When it comes to women in this space, and even women who are simply users of the internet, women should feel empowered. Susan explains that we’re the most powerful consumer group in the world because women are socialized to consume products from the time we’re young girls and then we grow up to be women who may also be wives and mothers who more often than not are the ones who make purchase decisions for the household. And she goes on to say that women are natural communicators, that if we like something we want to tell everyone we know about it and even ask about it later to find out what our friends thought of this amazing thing that we all just discovered. So, Susan says that “you couldn’t have a better ambassador for nascent tech, than women who have skin in the game and who want everyone to know about it”.

And besides our natural bent toward diving in and sharing the good news, Susan says that the tech is a DIY culture that’s really welcoming, collaborative and meritocratic where the majority of the people who are in the space believe in a decentralization and inclusivity.

And since Susan is an advisor to the Hoboken Smart City Project we also talked about how data sovereignty might work there. She explains the idea for the project was generated by Sergio Fernandez de Cordova whose idea is to turn the city into a real life digital lab where citizens could agree to give the city or local businesses data points in exchange for tokens that could be used toward their utility bill or that stop sign down the street they were petitioning for. When data becomes democratized and there is data sovereignty, then the city will have to compete with other cities and give incentives for why skilled people would choose to live there.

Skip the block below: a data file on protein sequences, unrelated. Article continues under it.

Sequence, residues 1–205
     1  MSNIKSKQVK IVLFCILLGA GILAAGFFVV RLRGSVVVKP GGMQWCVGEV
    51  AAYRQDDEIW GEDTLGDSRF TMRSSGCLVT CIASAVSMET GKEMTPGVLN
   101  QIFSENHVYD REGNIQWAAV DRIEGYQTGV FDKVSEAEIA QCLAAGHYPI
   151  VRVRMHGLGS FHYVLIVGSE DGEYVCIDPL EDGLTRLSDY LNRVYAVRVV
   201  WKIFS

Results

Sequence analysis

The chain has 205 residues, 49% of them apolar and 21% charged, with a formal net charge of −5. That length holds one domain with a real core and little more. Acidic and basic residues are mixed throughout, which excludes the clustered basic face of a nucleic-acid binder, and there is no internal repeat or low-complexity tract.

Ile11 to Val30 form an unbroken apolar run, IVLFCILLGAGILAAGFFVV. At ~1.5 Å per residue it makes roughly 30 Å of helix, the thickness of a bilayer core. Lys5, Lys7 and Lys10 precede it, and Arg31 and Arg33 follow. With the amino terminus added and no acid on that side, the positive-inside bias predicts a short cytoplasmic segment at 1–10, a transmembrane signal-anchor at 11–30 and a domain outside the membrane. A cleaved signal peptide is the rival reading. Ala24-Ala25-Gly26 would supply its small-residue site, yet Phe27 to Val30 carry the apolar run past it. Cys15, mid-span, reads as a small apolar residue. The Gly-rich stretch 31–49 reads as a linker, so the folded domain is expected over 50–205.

If colleges and universities, and some high schools, compete to attract people to come their way, it makes sense that cities, as we become more and more globalized, would too.

Susan is also working with Adnan Hassan, founder of Mecasa Advisors and former Board Member of The World Bank, on a Global Bank of Small States platform of interoperability that brings together, virtually, 101 small states. The states that are being included have a population of less than 10 million with a high GDP per capital, but low GDP overall so are not part of the G10 global fee structure for international finance and practices. Bringing together small states is away to help build financial and social capital. A service provider or entrepreneur can join in, have access to educational resources and by participating in that learning, teach others how they learn by sharing their data. Then they can open their services to the other countries as part of this group of small states.

NOTE: there are a few incidents of explicit language for those who are language sensitive.

016. Energy on a Blockchain with Joanna Hubbard

“I really do think this would make a huge positive difference. And when you find that thing, there’s nothing else in the world you’d rather do than just stick with it until you’ve made it happen.”

Joanna Hubbard found her thing, the thing that motivated her to move mountains or in this case move energy, renewable energy even, distributed on a blockchain.

Working in the energy sector, and recognizing that there was a long way to go where Cleantech was concerned, Joanna started questioning the status quo.

Why couldn’t they work on changing energy demand rather than solely focus on managing supply?

Coal plants being subsidised to keep up their huge production volume didn’t make sense to her, when she knew of much greener ways to produce energy.

It seemed like the right hand didn’t know what the left hand was doing? Why weren’t these systems integrated, communicating with one another? Why wasn’t a real price being placed on energy, one that factored in the environmental cost?